LOUISVILLE, KY -- Thanks to a $3 million, three-year National Science Foundation grant, Jefferson Community & Technical College is now home to the National Geospatial Technology Center of Excellence, or shorter, the National GeoTech Center.
A formal announcement is scheduled for 10 a.m., Tuesday June 25, 2013, on the JCTC Downtown Campus, Health Sciences Building, Community Room, 110 West Chestnut St.
The grant was awarded June 5; the center officially launched June 15. It is one of only two NSF National Centers of Excellence for advanced technological education in Kentucky. The other is the National Center in Automotive Manufacturing, based at the Kentucky Community & Technical College System in Versailles.
“We are excited to embrace such an important technology and to be at the center of educational leadership in this rapidly growing field,” said Dr. Tony Newberry, president and CEO. “The college, under the leadership Dean Vincent A. DiNoto Jr., has amassed an impressive group of national partners and we look forward to seeing advances that come from their work. It will benefit educators and industries across country.”
Sometimes referred to a “visual database” or “data on maps,” geospatial technology is a rapidly advancing science that allows data to be used in meaningful ways.
Approximately 80 percent of all data have a “spatial” or location-based component. Blending data with advanced technologies such as GPS (global positioning system), remote sensing, GIS (geographic information systems), and mobile technologies, allows researchers and others to spot trends, maximize logistics, plot movement and much more.
“It allows people to make informed decisions by pulling data together in a way they can visualize and understand,” said DiNoto, who is leading the GeoTech Center. DiNoto, a professor of physics, astronomy and geospatial technology at Jefferson, also is Dean of College and Systemic Initiatives for the college.
One common example of GeoSpatial technology is surveying. But it is used heavily in marketing, logistics, education, by the military and police, and in other areas where data and locations combine to tell a meaningful or useful story.
The college has used the technology to analyze travel patterns of students to campus. The college now knows which programs a student will travel a long-distance to attend and which programs need to be closer to home. It also helped the college analyze enrollment and student success patterns across various neighborhoods in the city and adjust programs to meet needs.
The National GeoTech Center is a coalition of educators and experts from across the country, who will establish a cutting-edge knowledge base known as a “Community of Practice,” create and maintain educational standards and pedagogy, educate GeoSpatial Technology instructors, and work closely with business and industry to both ensure workforce needs are met and to create career paths in the technology. It will build upon the work of the first national center, which was based in Corpus Christi, Texas.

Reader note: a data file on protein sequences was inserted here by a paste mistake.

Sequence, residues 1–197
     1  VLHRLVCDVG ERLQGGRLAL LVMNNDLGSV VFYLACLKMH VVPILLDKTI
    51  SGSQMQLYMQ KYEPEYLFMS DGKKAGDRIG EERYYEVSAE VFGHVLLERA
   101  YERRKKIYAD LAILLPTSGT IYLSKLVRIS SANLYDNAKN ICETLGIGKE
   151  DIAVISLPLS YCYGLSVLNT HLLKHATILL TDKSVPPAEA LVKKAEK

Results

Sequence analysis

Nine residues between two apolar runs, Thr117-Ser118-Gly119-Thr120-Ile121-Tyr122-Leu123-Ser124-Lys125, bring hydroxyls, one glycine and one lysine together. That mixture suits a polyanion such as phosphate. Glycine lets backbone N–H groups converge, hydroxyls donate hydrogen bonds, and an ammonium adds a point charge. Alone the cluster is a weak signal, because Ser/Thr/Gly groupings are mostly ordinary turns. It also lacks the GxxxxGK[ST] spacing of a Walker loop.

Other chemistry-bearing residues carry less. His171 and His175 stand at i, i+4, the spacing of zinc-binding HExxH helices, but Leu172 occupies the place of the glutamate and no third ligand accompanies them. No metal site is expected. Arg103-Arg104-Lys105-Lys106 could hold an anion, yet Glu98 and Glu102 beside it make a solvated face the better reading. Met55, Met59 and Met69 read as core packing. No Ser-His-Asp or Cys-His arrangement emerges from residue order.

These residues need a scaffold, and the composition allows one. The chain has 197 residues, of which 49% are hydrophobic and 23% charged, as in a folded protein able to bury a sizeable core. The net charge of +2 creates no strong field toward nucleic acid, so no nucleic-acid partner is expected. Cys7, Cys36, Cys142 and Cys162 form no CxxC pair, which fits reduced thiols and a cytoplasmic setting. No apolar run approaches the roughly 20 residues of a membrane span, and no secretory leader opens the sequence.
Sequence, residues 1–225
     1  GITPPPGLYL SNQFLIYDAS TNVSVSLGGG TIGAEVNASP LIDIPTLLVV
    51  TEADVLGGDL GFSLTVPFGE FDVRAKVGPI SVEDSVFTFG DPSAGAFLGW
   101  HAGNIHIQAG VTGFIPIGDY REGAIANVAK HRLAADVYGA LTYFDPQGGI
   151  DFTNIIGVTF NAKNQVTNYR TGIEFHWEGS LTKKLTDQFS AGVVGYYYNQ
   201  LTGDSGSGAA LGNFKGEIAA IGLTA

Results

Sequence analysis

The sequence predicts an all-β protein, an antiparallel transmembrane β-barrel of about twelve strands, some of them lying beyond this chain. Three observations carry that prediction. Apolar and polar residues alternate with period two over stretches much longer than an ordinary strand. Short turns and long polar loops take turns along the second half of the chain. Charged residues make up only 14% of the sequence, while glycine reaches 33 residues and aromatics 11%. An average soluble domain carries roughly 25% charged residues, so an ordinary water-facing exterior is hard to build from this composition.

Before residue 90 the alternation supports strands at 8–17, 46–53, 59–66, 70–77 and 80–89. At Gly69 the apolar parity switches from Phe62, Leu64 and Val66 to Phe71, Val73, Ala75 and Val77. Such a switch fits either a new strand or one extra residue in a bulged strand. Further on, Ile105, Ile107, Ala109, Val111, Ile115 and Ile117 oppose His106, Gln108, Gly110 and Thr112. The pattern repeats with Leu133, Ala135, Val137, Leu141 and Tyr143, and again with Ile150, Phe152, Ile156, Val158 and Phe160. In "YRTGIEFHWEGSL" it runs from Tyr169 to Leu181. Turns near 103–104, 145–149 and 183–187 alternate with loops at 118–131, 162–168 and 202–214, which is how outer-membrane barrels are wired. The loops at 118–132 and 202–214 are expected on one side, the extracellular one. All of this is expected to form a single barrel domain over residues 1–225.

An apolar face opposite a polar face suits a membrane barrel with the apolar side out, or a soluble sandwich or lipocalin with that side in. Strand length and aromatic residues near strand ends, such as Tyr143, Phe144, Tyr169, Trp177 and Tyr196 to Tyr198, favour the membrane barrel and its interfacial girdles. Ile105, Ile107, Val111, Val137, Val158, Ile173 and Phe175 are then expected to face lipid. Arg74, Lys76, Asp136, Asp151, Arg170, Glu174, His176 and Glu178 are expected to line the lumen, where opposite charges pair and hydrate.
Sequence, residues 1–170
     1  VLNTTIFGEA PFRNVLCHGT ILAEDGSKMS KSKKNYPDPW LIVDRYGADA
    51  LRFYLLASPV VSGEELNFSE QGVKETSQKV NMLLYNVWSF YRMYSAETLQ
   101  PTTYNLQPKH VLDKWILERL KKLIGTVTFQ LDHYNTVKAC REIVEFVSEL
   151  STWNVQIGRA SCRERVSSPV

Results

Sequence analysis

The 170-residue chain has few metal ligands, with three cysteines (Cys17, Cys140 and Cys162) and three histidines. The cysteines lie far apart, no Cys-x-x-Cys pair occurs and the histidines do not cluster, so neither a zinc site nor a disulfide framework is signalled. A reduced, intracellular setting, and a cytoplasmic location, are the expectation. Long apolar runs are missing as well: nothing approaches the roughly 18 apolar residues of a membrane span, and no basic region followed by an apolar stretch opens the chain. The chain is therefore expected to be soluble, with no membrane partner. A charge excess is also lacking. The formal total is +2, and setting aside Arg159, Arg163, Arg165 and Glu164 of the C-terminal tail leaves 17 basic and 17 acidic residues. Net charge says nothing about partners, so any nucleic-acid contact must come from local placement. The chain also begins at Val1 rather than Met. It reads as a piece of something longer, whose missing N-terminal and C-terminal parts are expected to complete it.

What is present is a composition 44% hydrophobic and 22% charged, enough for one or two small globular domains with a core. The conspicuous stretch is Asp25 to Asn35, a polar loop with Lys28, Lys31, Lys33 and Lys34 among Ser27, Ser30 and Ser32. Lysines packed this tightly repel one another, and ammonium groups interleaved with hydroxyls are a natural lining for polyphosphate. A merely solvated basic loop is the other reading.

The geospatial industry continues to expand at a phenomenal rate. The U.S. Department of Labor statistics show more than 850,000 current geospatial workers with an additional 350,000 needed by 2018; GIS alone is listed in the top 10 high growth, high wage industries. In the Louisville- area alone, a number of public and private entities rely on GeoSpatial technology, such as the U.S. Army Corps of Engineers, National Weather Service, the Army Human Resources Command Center of Excellence, UPS WorldPort and Amazon.
June 10-13, the center held a “GeoEd” conference for educators in Louisville, attracting more than 100 participants from education and industry from across the U.S.
In order to meet workforce demand, among the GeoTech Center’s goals are to expand the number and quality of programs offered at two-year colleges. Jefferson, which offers a certificate program in GeoSpatial technology as part of its associate degree program in Computer Information Systems, is one of only about 120 two-year colleges to offer a credential in the technology.
The center also plans to reach out to special populations including veterans, women and underserved communities to develop career paths.
“Our mission is to get the latest information into the hands of educators and to mentor those educators,” DiNoto said. “Then they can prepare the next generation of GeoSpatial Technology experts.”
The GeoTech Center is led by:
Vincent A. DiNoto, Project Leader and Principal Investigator, JCTC
Rodney Jackson, co-Principal Investigator, Edgecombe Community College, North Carolina
Ann Johnson, co-Principal Investigator, formerly of ESRI Inc.
Chris Semerijan, co-Principal Investigator, University of North Georgia
Ken Yanow, co-Principal Investigator, Southwestern College, California
Danielle Ayan, Georgia Institute of Technology
Wing Cheung, Palomar College, California
Scott Jeffrey, Community College of Baltimore, Maryland
Michael Krimmer, Northern Virginia Community College
Thomas Mueller, University of California of Pennsylvania
Rich Schultz, Elmhurst College, Illinois
Ming-Hsiang Tsou, San Diego State University
John Johnson, DACUM
Candiya Mann, Evaluator, Washington State University